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   2009| November-December  | Volume 75 | Issue 6  
    Online since November 12, 2009

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Nail pitting and onycholysis
Vikrant M Jadhav, Pradeep M Mahajan, Chandrakant B Mhaske
November-December 2009, 75(6):631-633
DOI:10.4103/0378-6323.57740  PMID:19915259
  19,385 1,056 6
Association of HLA-B*1502 allele and carbamazepine-induced Stevens-Johnson syndrome among Indians
Timir Y Mehta, Laxman M Prajapati, Bharti Mittal, Chaitanya G Joshi, Jayesh J Sheth, Dinesh B Patel, Dinkar M Dave, Ramesh K Goyal
November-December 2009, 75(6):579-582
DOI:10.4103/0378-6323.57718  PMID:19915237
Background: Stevens-Johnson Syndrome (SJS) and toxic epidermal necrolysis are severe cutaneous reactions caused by certain drugs, including antiepileptic carbamazepine. A strong association has been reported between human leucocyte antigen (HLA)-B*1502 and carbamazepine-induced SJS in Han Chinese patients. European studies suggested that HLA-B*1502 is not a universal marker but is ethnicity-specific for Asians. Aim: To study the association between HLA-B*1502 and carbamazepine-induced SJS in Indian patients. Methods: Eight individuals who fulfilled the diagnostic criteria of SJS induced by carbamazepine were identified and HLA-B molecular typing was performed. HLA-B genotyping was carried out by polymerase chain reaction using sequence-specific primers. Results: Out of eight patients studied for genotype, six patients were found to have the HLA-B*1502 allele. Conclusion: This study suggests an association between HLA-B*1502 and carbamazepine-induced SJS in Indian patients.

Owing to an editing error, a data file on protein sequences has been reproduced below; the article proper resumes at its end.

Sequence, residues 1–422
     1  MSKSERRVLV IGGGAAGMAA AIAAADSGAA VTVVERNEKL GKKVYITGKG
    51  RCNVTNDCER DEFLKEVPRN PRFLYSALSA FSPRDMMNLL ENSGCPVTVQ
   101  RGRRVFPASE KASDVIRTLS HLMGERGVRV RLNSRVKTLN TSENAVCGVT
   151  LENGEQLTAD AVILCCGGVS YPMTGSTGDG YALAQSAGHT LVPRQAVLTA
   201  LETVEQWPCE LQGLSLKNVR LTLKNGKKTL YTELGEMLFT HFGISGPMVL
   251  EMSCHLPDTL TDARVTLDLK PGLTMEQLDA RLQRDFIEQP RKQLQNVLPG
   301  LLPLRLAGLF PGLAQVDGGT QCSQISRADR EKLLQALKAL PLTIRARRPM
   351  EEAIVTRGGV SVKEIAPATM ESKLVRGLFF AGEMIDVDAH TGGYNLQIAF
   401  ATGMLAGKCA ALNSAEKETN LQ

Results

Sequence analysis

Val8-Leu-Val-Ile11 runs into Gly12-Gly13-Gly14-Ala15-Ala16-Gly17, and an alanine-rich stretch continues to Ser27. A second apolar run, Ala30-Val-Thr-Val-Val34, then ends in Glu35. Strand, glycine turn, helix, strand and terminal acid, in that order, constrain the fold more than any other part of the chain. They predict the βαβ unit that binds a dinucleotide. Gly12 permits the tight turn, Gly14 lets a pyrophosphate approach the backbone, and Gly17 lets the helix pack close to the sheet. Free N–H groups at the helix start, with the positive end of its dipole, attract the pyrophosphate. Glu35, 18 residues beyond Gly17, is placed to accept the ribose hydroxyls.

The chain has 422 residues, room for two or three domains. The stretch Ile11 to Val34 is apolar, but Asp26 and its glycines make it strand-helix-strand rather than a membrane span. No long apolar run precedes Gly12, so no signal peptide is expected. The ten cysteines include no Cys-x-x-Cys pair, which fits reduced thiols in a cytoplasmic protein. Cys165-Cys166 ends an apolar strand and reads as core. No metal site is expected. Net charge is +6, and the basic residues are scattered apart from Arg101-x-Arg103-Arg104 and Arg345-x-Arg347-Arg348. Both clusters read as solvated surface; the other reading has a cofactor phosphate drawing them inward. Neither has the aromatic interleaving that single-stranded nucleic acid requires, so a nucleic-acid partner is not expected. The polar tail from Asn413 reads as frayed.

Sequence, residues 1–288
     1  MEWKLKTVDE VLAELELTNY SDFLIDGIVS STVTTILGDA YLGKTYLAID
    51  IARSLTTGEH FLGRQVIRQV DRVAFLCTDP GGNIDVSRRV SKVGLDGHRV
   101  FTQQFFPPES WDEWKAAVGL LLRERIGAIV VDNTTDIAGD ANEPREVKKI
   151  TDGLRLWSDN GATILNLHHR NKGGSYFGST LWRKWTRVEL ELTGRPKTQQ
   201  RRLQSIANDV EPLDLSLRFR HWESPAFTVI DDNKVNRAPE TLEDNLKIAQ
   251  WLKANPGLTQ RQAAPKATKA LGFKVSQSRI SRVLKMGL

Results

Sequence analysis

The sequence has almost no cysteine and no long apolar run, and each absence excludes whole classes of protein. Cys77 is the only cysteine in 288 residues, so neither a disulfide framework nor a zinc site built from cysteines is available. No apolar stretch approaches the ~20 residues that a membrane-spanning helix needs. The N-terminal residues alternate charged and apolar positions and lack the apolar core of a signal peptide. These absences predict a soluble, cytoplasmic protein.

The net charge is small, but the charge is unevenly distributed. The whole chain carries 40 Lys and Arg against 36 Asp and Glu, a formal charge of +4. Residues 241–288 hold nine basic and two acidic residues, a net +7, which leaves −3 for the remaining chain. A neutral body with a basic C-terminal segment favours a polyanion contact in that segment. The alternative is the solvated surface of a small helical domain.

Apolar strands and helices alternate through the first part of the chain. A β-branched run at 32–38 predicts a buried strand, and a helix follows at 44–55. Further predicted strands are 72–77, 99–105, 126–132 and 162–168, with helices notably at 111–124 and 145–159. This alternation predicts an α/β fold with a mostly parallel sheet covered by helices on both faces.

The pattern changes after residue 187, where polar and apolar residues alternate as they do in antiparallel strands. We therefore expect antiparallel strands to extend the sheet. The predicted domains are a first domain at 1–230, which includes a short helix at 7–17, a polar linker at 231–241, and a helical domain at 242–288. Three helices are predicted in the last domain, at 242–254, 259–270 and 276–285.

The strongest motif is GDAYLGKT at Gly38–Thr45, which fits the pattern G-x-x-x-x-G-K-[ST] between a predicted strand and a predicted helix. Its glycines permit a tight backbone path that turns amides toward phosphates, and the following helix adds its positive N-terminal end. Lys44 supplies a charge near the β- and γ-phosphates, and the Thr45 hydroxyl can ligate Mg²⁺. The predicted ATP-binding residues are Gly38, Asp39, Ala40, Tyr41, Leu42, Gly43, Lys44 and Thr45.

17,606 465 129
Newer trends in the management of genital herpes
Amiya Kumar Nath, Devinder Mohan Thappa
November-December 2009, 75(6):566-574
DOI:10.4103/0378-6323.57716  PMID:19915235